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Number Of Babies Born In Wisconsin Declines To Lowest Point In 44 Years

State Data Shows Fewer Than 65,000 Babies Born In 2017

Baby and mom
Jae C. Hong/AP Photo

Fewer babies are being born in Wisconsin.

For the first time since 1973, data from the Wisconsin Department of Health Services shows the total number of births has dropped below 65,000. That hasn’t happened since Richard Nixon was president.

In 2017, there were 64,994 births.

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The most recent peak was in 2007, right before the Great Recession, according to a University of Wisconsin-Madison demographer, and births have dropped 11 percent since then. Births across the U.S. have also decreased, but not as much.

Graph courtesy of the Wisconsin Department of Health Services

“The decline in births that has been happening over the last 10 years has really been showing up in public school populations,” said David Egan-Robertson, of the UW-Madison Applied Population Laboratory. “So as we go forward we have to take that into account. One of the big implications, particularly in more rural districts, is the number of births are down. In fact in some counties they’re down as much as 30 percent from 2007. That’s really having an impact on local school decisions.”

Helping drive the decline in total births is fewer teens having babies.

Egan-Robertson said teen births have declined 60 percent over a decade.

“And in 2017 for the first time teen births fell below 4 percent of total births,” Egan-Robertson said. “So that’s quite a significant change. It’s been a very long-term process, but that’s a noticeable change in that age group.”

Graph courtesy of the Wisconsin Department of Health Services

Family planning made national news last week when President Donald Trump directed money from a federal family planning program toward faith-based providers and away from Planned Parenthood. In addition to providing contraception and testing for cancer and sexually transmitted diseases, Planned Parenthood also provides abortions. Opponents have indicated they will mount a court challenge.

Additionally, the Trump administration has pushed for abstinence-only sex education which concerns groups working to reduce teen pregnancy.

“It’s important to note that comprehensive sex education includes very strong pro-abstinence messaging,” said Nicole Angresano, vice president at United Way of Greater Milwaukee & Waukesha County. “A very strong message around delaying sexual activity until you are prepared for the potential consequences be that pregnancy, STI’s, the emotional impact etc. … That being said, we also know that you have to give young people real information about life choices — how to prevent pregnancy and in the cases if they are having sexual intimacy, how to have safer sex.”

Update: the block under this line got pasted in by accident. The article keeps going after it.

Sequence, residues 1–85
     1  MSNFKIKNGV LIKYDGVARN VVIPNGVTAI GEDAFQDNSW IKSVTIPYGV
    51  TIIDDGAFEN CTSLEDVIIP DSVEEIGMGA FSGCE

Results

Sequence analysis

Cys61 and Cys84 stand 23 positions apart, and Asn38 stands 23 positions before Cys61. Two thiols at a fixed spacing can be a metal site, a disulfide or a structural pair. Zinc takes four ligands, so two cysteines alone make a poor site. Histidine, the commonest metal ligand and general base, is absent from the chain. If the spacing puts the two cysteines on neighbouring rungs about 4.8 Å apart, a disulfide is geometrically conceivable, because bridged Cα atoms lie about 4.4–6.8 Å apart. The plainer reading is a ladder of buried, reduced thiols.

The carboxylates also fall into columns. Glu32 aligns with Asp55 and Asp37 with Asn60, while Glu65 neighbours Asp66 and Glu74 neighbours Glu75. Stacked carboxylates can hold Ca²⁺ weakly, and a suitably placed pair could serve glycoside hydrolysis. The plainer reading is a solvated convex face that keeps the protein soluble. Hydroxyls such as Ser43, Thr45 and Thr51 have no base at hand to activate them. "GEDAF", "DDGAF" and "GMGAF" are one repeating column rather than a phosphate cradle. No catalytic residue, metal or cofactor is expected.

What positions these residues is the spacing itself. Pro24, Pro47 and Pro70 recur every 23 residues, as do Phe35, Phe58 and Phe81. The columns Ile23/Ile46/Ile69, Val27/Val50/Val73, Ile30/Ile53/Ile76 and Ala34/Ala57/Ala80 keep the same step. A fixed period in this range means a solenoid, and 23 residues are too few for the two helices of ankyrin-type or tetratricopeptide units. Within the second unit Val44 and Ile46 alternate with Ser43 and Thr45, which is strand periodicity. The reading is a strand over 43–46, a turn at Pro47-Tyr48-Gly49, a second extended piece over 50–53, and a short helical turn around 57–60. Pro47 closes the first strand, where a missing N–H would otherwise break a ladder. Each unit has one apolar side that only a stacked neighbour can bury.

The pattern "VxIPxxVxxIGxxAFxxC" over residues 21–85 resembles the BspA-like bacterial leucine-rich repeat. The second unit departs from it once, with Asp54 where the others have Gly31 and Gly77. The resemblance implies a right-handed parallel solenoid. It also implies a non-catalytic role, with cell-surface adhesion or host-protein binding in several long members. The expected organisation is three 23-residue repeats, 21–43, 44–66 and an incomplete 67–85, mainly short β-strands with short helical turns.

The picture on births in Wisconsin is mixed. Overall births are declining, so are teen births, but low birth weight among babies is increasing.

Marilyn Noll is director of maternal-child health at March of Dimes in Wisconsin. She said low birth weight and prematurity are closely linked and that being born too early is the number one cause of infant death.

“It’s really shocking to see the stats continue to rise. Everyone is doing a lot of work and yet they’re not seeing the fruits of their labor,” Noll said.

She said the prematurity rate for Hispanic babies was once equivalent to that of white babies. Now it’s higher, as it is for African-American babies.

“Fifteen percent of African-American moms have a baby that is born low birth weight. And 15 percent of African-American moms also have a baby that is born premature,” said Noll. “So it’s really worrisome. It’s time we take this seriously and that we have to do something different.”

Graph courtesy of the Wisconsin Department of Health Services

Last week, Gov. Tony Evers unveiled preliminary budget plans to spend $28 million on women and children’s health. His budget, which will be formally released Thursday, calls for expanding postpartum care to women on Medicaid along with expanding doula services and training.

“Doula care is really an important aspect of what we can do to reach out to women who are on Medicaid to help provide extra support for them during pregnancy,” Noll said. “It’s very encouraging to see (Evers) is considering funding for that.”